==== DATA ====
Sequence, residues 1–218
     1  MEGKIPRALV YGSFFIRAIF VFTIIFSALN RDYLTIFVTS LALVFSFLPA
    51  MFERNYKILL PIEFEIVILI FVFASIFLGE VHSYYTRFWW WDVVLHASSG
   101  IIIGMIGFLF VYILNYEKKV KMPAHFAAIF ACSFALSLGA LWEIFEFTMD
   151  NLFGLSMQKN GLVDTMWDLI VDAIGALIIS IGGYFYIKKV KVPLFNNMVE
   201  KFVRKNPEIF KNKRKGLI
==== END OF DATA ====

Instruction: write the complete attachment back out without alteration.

Sequence, residues 1–218
     1  MEGKIPRALV YGSFFIRAIF VFTIIFSALN RDYLTIFVTS LALVFSFLPA
    51  MFERNYKILL PIEFEIVILI FVFASIFLGE VHSYYTRFWW WDVVLHASSG
   101  IIIGMIGFLF VYILNYEKKV KMPAHFAAIF ACSFALSLGA LWEIFEFTMD
   151  NLFGLSMQKN GLVDTMWDLI VDAIGALIIS IGGYFYIKKV KVPLFNNMVE
   201  KFVRKNPEIF KNKRKGLI